I also want to take a moment to say a special thanks to Lorri Gray Lee, Reclamation's regional director for the lower Colorado region. Lorri is moving to a new regional director position in Boise in just a few weeks. As many of you know, the progress that has been made in recent years, the entire MSCP, the negotiations with Mexico, and the progress being made on treaty issues those simply would not have happened without Lorri Gray Lee.
Mike Connor is going to provide a little more detail on Lorri's leadership and how much we're going to miss her. But Lorri, I wanted to take this opportunity to let you know how grateful I am for your leadership and the excellent way that you've carried out your duties. Thank you. [applause] So I've run through a number of different projects and programs. Larry EchoHawk and Mike Connor are going to talk about even more. I mentioned the Navajo Gallup project that was authorized by the settlement agreement that was signed last year, negotiations with Mexico.
And on that issue, I just want to note that Secretary Salazar and I have absolute confidence that Commissioner Mike Connor is the best person in the country to be leading those negotiations for U.S. interests. You could not have a better representative, and I know that we're going to make progress and get to a sustainable solution.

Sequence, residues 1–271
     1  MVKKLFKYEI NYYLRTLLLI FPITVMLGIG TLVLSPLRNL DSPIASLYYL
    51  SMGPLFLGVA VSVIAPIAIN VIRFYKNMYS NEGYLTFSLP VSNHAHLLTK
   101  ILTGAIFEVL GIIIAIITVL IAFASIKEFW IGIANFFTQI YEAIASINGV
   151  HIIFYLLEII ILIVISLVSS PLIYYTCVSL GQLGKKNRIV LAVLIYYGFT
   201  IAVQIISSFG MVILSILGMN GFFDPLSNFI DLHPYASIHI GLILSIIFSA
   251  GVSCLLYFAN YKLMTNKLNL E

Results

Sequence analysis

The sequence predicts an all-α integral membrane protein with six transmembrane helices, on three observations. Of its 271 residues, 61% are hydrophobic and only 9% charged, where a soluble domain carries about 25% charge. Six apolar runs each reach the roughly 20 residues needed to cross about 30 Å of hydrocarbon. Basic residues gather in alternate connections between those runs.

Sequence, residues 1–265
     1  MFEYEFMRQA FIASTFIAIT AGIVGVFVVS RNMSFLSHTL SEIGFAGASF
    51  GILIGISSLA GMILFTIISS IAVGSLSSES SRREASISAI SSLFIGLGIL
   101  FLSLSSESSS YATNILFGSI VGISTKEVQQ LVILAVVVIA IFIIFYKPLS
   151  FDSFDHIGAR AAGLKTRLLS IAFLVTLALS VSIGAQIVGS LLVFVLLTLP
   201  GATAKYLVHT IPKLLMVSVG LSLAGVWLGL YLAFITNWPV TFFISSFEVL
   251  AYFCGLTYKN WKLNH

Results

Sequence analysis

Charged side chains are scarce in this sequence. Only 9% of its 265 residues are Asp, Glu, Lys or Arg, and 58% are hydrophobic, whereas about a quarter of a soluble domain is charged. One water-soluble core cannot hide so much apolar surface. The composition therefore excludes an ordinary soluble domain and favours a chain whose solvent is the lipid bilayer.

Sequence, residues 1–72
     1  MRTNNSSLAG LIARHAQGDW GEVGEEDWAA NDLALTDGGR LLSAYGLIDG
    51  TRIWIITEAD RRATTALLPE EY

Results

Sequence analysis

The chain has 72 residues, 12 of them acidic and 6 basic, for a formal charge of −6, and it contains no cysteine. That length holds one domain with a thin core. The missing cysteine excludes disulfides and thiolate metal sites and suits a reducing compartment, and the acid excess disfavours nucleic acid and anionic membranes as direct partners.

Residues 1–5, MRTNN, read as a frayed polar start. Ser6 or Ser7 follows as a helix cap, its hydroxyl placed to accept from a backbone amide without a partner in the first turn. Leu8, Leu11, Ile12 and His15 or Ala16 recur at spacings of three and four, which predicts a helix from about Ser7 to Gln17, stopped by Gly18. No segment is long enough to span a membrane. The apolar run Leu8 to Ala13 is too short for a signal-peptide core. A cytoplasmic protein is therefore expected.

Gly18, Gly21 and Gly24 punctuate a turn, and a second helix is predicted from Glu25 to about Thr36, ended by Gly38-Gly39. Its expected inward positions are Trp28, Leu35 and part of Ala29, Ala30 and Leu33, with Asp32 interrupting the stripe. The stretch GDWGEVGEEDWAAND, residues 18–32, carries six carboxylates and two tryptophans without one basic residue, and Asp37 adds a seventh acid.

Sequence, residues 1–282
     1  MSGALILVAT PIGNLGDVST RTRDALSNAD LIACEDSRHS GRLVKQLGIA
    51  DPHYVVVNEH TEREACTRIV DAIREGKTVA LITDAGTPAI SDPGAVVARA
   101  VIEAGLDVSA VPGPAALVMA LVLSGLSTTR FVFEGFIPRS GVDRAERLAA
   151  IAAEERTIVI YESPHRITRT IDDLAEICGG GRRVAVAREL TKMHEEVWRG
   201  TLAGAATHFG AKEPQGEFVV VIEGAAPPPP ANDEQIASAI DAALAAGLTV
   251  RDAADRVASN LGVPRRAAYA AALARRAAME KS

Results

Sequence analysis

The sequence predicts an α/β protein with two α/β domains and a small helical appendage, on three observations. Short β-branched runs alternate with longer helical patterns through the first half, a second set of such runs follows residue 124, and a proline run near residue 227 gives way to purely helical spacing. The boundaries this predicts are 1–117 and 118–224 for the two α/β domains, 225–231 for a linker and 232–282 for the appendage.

We'll hear about the Colorado River Basin study, and you can tell that the Colorado River has been a particular focus in the Department of the Interior because of the many different roles that we play in its management.
We're working really hard to fulfill the Secretary's responsibility to provide reliable supplies of water and power, to conserve species under the Endangered Species Act, and to protect American Indian tribal interests. We're working hard, but it's our connections and our partnerships with all of you that make it possible to make progress.
We know there's lots going on, we know there are lots of demands on your time, it's hard to keep up with it all, but we want you to know that we really value what you do. The expertise and the knowledge that you bring to our projects and programs have immediate practical application, and they're what makes it possible for us to be successful. So we thank you for your tremendous efforts in support of Colorado River interests.
It's said that the price of a water right is eternal vigilance, and I think we're proving that theorem together in the Colorado River Basin. But I'd suggest that we all agree that the prize is worth the price. Thank you.